Portraits with the Canon EF 70-200mm f2.8L USM lens

I recently took my new Canon EF 70-200mm f2.8L USM lens out to the lovely setting of Sizergh Castle, a National Trust property in Cumbria. The intention was to do some test portraits, but I ended up creating a little story which I’m calling ‘In Search of Snowdrops’.

The lens performed brilliantly, and I absolutely love the background bokeh when shooting wide open (f2.8) at full zoom (200mm) while close to the subject.

This lens is quickly becoming a permanent fixture on my camera.

Trying out the Canon EF 70-200mm f2.8L USM lens

I treated myself to a new lens this week, and have been itching to try it out. At lunchtime today I finally got the opportunity to grab a few shots with it, and I’m seriously impressed with the performance.

First of all, I should say that this isn’t a lens for the faint-hearted. It’s heavy (about 1.4kg), long (about 20cm), and quite tricky to hold steady at full magnification. However, some of the wonderful background bokeh effects that are possible at wide apertures at 200mm make it all worthwhile.

All these images were shot at 200mm, with the aperture wide open at f2.8, except for the cat picture which was shot at 190mm. The cat and the soya milk carton were taken indoors with the light supplemented by on-camera flash (bounced).

The picture of the hen and the picture of the leaf demonstrate the level of bokeh that can be achieved when shooting at this focal length, at f2.8, close to the subject. The dark background on the leaf picture is actually the bottom of the garden, but the shallow lens has totally smoothed it out.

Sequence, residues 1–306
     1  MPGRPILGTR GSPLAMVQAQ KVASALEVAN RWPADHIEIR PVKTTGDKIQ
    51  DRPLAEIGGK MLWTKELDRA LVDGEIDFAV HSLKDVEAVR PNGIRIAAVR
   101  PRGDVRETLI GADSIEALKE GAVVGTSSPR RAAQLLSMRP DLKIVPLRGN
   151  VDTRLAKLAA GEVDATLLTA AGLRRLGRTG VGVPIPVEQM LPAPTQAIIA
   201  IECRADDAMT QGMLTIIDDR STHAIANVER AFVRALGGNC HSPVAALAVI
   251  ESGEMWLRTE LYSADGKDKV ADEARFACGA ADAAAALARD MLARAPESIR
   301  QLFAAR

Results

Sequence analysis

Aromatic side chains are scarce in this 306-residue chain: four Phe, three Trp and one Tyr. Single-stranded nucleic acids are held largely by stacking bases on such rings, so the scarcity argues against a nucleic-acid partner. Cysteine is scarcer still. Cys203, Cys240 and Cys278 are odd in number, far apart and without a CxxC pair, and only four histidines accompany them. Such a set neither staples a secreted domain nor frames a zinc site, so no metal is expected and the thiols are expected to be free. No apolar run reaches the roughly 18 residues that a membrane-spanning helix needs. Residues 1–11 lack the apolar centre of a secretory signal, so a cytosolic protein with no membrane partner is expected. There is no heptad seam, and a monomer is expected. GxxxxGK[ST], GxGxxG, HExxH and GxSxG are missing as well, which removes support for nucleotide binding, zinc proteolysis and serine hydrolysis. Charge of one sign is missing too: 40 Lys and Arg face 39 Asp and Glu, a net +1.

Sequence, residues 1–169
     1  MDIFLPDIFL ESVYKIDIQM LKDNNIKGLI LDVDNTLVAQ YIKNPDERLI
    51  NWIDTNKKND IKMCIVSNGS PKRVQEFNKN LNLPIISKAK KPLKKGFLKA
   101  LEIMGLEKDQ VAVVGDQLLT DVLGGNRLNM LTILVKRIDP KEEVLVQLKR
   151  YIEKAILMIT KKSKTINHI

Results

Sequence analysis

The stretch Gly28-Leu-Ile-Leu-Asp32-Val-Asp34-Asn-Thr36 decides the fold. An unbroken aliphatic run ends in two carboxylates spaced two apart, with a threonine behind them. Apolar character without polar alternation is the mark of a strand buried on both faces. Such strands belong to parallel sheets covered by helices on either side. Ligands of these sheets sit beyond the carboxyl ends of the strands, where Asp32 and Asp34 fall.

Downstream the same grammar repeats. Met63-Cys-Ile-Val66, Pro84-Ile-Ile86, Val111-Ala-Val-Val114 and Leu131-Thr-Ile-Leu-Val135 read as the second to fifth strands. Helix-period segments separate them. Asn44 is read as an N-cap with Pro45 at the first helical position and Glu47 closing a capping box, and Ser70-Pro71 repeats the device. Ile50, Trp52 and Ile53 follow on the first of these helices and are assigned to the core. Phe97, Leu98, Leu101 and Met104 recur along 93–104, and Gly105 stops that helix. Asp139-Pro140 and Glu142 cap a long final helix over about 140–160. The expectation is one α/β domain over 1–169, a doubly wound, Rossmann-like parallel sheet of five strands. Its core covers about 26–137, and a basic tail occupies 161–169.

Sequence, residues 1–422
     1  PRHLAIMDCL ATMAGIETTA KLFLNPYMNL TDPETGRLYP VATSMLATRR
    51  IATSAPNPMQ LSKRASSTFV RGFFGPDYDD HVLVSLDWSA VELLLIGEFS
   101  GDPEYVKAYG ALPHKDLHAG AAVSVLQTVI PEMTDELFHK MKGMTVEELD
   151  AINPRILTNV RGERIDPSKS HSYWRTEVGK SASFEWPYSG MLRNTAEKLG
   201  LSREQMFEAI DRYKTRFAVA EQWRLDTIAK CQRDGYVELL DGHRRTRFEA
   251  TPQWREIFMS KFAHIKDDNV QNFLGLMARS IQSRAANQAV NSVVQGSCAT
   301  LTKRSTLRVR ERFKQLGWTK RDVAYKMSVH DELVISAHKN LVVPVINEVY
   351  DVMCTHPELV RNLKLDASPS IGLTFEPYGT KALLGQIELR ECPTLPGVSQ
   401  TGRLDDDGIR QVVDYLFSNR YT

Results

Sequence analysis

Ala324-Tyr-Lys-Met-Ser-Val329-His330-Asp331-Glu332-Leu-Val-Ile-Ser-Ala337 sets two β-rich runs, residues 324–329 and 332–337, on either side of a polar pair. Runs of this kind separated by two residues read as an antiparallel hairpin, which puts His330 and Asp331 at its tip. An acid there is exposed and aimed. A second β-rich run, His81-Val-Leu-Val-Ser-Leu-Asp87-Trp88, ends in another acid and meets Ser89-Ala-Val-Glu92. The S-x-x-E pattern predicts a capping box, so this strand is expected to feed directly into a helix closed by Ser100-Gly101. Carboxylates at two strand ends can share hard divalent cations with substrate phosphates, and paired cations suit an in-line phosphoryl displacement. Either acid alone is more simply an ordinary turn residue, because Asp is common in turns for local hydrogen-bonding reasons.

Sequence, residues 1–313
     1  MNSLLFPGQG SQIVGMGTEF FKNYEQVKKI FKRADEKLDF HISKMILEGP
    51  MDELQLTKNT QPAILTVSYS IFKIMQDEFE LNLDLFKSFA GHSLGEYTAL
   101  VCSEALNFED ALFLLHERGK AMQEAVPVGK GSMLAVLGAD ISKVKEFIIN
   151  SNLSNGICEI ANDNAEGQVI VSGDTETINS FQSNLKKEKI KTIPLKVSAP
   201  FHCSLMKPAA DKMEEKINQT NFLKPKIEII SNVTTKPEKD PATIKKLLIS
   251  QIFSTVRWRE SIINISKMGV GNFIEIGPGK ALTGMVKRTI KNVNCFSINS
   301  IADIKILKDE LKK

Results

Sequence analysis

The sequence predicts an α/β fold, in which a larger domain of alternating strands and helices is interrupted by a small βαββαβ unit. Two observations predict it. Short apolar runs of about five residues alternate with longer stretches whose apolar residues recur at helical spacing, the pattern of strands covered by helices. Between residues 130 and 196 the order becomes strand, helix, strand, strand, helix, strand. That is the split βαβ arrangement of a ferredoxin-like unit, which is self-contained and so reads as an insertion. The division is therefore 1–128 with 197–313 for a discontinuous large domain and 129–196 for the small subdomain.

I can’t wait to try out some portraits with this lens.

Casting Call – SS18

This Spring/Summer (2018) I’m looking to create some romantic and emotive portraits of people with horses. See my ‘Portraits with Horses’ Pinterest board above for some wonderful examples of the sort of image I want to make.

In order to make it happen, I need volunteers who would like to have a go at being a model for the day and have access to a horse (either their own or a friend’s). No prior experience of modelling is necessary, and this casting call is open to adults of any gender.

If you’re interested, please get in touch.

I’m a keen rider myself, and ride twice a week, so I’m used to being around horses.


My last couple of posts have featured carefully arranged and nicely presented food and drink, I wanted to see if I could carefully arrange the opposite. I’m quite pleased with the result, but I think they are still a bit ‘reserved’.

As an experiment, I posted these to the same hashtags that I posted the original pretty images, and predictably I didn’t get the same number of likes. However, I did get a favourable reaction from a few people – and one that I felt was more genuine.

I used the same approach to composition as the original pictures: a shallow depth of field or a flat lay.

I could have gone a lot more edgy with these, and made them quite gritty using some on-camera flash and a different setting, but I quite like them as a set.

Why we all love #flatlays and #coffee

Whenever I have a random browse through Instagram, one of the things I notice is the prevalence of flat lays and coffee – usually flat lays of coffee, tea, or matcha. Why are these so popular? What is it about the subject and format that appeals?


I’ve done it myself a few times. Above is a picture of a recent matcha latte I was about to consume in Chairs & Coffee, Fulham. I knew I was on to a winner as I set up the shot – the rustic background, the unusual magazine, and the beautifully decorated top on that latte.